It has been a busy month in the Curry household. School is in full swing and we are still taking Ryan to Speech Therapy three times a week. Ryan is also seeing his personal trainer, Lee from Special Strong, on a weekly basis now. He attends Religious Education (R.E.) class and Mass on a weekly basis and he continues to see Adriana Barriga, of RPM of Texas, three times a week at home. We also hosted Lenae Crandall of HEED RPM in the DFW area for 9 families at the beginning of this month.
We have seen a lot of improvements with Ryan. Here are a few:
- Ryan is able to make purposeful sounds with breath support practice at Speech Therapy and continuing practice at home (on a daily basis).
- Ryan goes through his workout with Lee without his iPhone and follows Lee’s instructions of each of the three sets of fifteen for each exercise.
- Ryan does not use or listen to his iPhone or iPad during R.E. Class or Mass and attends for 1.25 hours for class and 1 hour for Mass.
- Ryan can now wave to people. He tried to do this for years with ABA Therapy. I taught him this in one day. He can now do it when someone waves to him. I believe the difference is that it is purposeful for him now because everyone waves hello and goodbye (and it is not babyish). In an ABA drill, it does not seem to have a purpose (other than to make the child annoyed).
- Ryan had a dentist appointment this week and allowed the dentist to inspect his teeth and brush a little fluoride on them. Previously, Ryan had a difficult time even getting past the waiting room and has interviewed the dentist to get more comfortable.
(Just a quick note: I know that there is some controversy in the autism community about the use of fluoride. We have carefully weighed the options on this and have felt like this was important now for both of our kids who are prone to cavities despite diligent care of their teeth.)
- Ryan gets his haircut with no assistance from me and can sit and tolerate it. He has been seeing Ms. Susan for over 3 years now.
- With both Adriana and Lenae working with Ryan this past month he continues to make progress in purposeful movement and independence when using the board.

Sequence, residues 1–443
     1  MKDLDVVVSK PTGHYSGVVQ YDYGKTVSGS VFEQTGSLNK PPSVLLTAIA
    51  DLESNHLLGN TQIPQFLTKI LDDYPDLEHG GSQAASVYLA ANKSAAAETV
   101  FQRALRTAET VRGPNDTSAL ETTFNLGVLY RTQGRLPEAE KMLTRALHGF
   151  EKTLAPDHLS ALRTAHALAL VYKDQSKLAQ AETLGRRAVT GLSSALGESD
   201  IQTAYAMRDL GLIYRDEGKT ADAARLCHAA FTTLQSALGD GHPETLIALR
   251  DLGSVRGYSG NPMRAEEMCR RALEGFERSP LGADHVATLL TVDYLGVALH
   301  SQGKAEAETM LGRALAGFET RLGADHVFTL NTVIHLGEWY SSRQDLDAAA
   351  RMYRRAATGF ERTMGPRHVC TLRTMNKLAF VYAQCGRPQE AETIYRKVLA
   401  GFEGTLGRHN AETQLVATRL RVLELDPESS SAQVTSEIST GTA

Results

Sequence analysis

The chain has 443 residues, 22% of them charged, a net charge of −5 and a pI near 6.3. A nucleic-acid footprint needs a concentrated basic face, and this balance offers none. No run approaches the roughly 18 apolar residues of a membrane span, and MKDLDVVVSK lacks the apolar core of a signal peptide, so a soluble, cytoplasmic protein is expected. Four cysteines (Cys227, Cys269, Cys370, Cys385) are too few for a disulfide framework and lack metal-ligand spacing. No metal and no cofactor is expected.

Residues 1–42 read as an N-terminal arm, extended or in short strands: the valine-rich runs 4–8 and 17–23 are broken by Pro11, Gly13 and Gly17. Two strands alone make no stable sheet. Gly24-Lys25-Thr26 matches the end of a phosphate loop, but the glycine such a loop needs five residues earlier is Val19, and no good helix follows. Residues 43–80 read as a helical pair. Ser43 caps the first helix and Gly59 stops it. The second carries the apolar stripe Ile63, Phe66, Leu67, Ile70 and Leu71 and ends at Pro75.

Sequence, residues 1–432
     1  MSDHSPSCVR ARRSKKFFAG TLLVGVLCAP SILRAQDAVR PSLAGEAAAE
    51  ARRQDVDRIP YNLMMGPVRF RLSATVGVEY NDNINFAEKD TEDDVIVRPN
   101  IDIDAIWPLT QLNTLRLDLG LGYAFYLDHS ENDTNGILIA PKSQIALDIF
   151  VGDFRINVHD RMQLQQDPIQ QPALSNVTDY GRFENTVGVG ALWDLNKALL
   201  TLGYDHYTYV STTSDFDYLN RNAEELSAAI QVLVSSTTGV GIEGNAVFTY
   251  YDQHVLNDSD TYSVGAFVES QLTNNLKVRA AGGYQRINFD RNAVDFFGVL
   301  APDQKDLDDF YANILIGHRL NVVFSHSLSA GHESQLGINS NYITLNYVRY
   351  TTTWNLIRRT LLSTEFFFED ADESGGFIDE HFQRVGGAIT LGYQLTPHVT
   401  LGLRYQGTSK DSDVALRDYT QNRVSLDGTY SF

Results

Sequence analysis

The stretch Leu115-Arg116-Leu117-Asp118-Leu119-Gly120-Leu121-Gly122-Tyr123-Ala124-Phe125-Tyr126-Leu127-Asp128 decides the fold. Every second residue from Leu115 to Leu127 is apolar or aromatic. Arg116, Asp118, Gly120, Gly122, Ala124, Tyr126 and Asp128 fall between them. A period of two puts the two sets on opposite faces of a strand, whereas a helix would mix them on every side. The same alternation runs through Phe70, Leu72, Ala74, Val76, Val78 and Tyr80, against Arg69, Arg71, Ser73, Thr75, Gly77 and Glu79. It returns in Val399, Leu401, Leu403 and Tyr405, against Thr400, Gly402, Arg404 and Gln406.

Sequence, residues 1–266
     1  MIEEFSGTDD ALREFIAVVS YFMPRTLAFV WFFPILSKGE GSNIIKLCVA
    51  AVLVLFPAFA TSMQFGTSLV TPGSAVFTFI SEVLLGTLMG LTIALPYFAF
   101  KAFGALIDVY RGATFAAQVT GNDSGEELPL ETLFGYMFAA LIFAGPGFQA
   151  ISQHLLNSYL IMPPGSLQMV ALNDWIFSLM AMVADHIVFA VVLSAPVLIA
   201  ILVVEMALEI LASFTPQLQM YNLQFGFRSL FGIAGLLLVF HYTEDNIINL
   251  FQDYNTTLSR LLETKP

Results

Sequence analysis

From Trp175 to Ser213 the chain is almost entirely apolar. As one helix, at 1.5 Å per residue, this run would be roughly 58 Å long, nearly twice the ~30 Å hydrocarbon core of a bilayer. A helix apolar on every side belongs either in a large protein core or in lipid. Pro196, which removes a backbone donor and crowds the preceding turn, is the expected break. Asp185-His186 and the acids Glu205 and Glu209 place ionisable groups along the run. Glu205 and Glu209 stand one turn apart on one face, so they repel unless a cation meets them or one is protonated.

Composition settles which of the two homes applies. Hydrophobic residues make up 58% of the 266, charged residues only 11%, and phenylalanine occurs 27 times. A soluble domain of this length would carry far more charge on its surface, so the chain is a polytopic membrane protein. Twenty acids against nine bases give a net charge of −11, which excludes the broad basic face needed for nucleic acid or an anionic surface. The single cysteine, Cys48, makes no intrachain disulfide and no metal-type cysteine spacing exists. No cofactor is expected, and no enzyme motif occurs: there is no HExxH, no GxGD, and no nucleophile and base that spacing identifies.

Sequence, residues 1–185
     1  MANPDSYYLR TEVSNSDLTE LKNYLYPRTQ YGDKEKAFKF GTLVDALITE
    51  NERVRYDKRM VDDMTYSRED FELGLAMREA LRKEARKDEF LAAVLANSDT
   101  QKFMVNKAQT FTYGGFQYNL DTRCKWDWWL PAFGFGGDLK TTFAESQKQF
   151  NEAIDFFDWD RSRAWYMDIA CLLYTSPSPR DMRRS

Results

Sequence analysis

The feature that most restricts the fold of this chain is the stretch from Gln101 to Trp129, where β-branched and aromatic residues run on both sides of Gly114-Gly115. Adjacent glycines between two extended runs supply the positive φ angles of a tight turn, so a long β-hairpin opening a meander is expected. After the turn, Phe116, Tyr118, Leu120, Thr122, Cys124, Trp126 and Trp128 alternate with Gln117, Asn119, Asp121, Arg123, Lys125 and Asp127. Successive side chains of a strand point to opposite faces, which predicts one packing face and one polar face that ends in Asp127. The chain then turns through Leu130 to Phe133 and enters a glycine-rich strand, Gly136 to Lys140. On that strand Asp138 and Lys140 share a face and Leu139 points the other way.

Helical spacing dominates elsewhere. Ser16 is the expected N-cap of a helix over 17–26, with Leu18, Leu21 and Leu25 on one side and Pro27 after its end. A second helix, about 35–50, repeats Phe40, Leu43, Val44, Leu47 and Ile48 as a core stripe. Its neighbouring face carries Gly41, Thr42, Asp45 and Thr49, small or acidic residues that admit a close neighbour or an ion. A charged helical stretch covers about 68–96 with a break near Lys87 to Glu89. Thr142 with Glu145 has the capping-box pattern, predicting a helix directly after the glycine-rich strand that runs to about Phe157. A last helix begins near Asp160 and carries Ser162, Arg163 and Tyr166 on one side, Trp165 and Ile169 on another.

My plan for the rest of this month is to continue school work, plan some more field trips, and get Ryan back to 5K training since the weather seems to finally have gotten out of the 80s and 90s here in the Dallas/Fort Worth area.
Ryan turned 12 on October 6th. He had a great birthday! This birthday got me thinking about how his birthdays were in the past compared to how they are now. If I am being completely honest, I used to dread Ryan’s birthday. I didn’t know what to get for him, I didn’t know if he knew it was his birthday or if he even cared. I saw it as him getting another year older and another year slipping away that I could not help him. This makes me extremely sad to type this. I know that there are some parents who are in my shoes today with these same thoughts. Here is what his birthdays used to be like:
Birthdays Ages 1-7:
- We weren’t sure if he was interested in his birthday.
- He had limited interest in presents and showed minimal facial expressions when he received a gift that he liked.
- He needed full physical assistance to open gifts and to stay attending and had to be brought back to continue opening gifts.
- He could not track reading birthday cards and often had to be followed around the house while reading a card.
- He celebrated with family.
- He wasn’t able to blow out his candles, so we blew them out for him.
- He wasn’t able to communicate whether he enjoyed his birthday or not.
What I want to tell those parents is, it doesn’t have to be like that! Ryan’s birthday is something that we celebrate with so much joy now. He loves celebrating too. The future is so bright for him and I truly believe that with hard work, the sky is the limit for him.
Birthdays Ages 8-12, with the end results being the observations this year:
- He wants to celebrate his birthday (of course!) and he commented first thing in the morning: MOM THANKS FOR DECORATING
- He made a birthday list and his face lit up when he opened the presents that he wanted.
- He had to be brought to the table and room, but once there, stayed with minimal verbal prompts to open his gifts.
- He tracked the wording on the birthday cards and read along.
- He celebrated with an indoor pool party with friends (including a best friend who drove in from out of town!) and family.
- He blew out his own candles all by himself!
- He told us that he loved his birthday!
I sound like a broken record, but RPM is more than just education and communication. Ryan’s whole demeanor has changed. It is not only a result of age and maturity as many other autistic 12 year olds would still exhibit the same observations that Ryan had prior to RPM. I believe the difference is his quality of life is due to RPM.
When I read this post to Ryan, he replied the following:
YOU CAN SAY THAT BIRTHDAYS USED TO BE REALLY HARD FOR ME BECAUSE I WAS SO LONELY. NOW A REAL BIRTHDAY OCCURS EACH YEAR. MOSTLY GRATEFUL THAT I CAN FEEL NORMAL WHEN IT COMES TO BIRTHDAYS NOW.
I am a firm believer that the world became a better place the day that Ryan Curry was born. I don’t think that I am alone in thinking this.